Isn't that special?
We published — actually set in type — a reference to “the prestigious Nobel Prizes.”
Perhaps there are readers who do not know that the Nobel Prizes carry prestige, or, even less likely, readers who have never heard of the Nobel Prizes, to whom the adjective “prestigious” would add meaning. Seems unlikely.
What we have instead is mere padding, adjectival noise. The only meaning that “prestigious” grants to this passage is an implicit message from the writer: “Lookee here, I’m writing about something really, really important.”
Adjectival clutter typically rises from such attempt to telegraph that sense of importance to the reader without actually demonstrating the importance. It violates the time-worn precept from writing instructors to show, not tell.
A recent article carried in its first two paragraphs references to a controversial measure being considered in the contentious legislative session. Controversial is one of those tell-not-show words that journalists use too frequently, though in this context the editor made a case that readers might not have known that the measure had been enveloped in controversy. Perhaps so, but piling on contentious in the subsequent sentence made no contribution. Is there anyone who looked at this newspaper during the 90 days of the legislative session who was unaware that it was particularly contentious?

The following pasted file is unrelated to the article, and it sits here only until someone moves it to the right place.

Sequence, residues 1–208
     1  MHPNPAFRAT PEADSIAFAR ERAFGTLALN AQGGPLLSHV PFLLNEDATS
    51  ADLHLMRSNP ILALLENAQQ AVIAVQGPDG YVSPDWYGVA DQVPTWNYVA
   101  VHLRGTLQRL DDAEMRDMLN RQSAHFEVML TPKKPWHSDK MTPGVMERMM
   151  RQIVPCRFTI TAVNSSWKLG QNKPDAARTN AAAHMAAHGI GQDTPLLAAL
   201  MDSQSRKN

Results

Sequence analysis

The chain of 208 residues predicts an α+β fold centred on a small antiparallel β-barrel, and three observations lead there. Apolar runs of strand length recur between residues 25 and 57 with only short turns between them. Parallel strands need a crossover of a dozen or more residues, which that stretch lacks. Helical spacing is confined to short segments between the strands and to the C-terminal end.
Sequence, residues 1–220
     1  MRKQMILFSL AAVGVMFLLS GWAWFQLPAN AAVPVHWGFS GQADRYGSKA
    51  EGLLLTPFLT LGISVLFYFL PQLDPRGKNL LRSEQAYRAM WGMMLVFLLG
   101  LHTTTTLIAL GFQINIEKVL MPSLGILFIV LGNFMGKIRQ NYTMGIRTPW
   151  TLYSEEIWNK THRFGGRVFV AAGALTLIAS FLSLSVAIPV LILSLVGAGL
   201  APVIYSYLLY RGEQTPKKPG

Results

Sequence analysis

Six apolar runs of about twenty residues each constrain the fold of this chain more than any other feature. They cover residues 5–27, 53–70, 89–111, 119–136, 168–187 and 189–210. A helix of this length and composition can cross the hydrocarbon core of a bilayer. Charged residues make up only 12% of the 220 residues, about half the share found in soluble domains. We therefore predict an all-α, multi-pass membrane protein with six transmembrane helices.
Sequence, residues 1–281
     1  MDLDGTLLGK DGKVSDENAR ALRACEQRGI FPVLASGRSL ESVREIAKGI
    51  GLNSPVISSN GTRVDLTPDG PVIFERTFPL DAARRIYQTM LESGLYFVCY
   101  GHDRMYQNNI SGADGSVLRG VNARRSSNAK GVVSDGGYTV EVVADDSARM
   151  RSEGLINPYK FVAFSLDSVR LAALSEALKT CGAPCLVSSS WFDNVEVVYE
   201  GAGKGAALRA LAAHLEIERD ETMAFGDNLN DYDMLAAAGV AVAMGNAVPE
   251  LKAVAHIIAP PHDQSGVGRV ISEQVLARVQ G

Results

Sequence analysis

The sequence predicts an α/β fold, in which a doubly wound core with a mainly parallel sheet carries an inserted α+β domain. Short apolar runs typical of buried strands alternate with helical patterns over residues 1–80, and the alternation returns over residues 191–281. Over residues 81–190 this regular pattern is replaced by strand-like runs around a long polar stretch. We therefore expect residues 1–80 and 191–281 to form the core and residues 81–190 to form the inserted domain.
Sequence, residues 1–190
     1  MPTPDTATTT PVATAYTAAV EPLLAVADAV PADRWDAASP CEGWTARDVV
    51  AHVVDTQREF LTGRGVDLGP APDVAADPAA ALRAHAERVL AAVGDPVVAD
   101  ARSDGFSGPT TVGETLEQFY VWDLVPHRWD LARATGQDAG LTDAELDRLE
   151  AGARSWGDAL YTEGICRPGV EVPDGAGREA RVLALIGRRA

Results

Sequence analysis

Such buzzwords are an attempt to signal meaning to the reader by shorthand, the way that gritty has become a stock adjective to describe cities or neighborhoods that are (a) rundown, (b) dangerous or (c) frequented by people journalists do not commonly associate with.
Efforts to root out adjectival noise are only intermittently successful. We have had some success on The Sun’s copy desk over the years in stamping out dramatic in news stories; if the circumstances described don’t look dramatic, no quantity of adjectives will make them so. We have also been able to scotch the impulse to use special to indicate something that may be merely somewhat out of the ordinary. We limit it to specific meanings, such as special education or special session. There has been remarkably little contention in-house over these dramatic and controversial decisions, and the readers do not seem to feel deprived.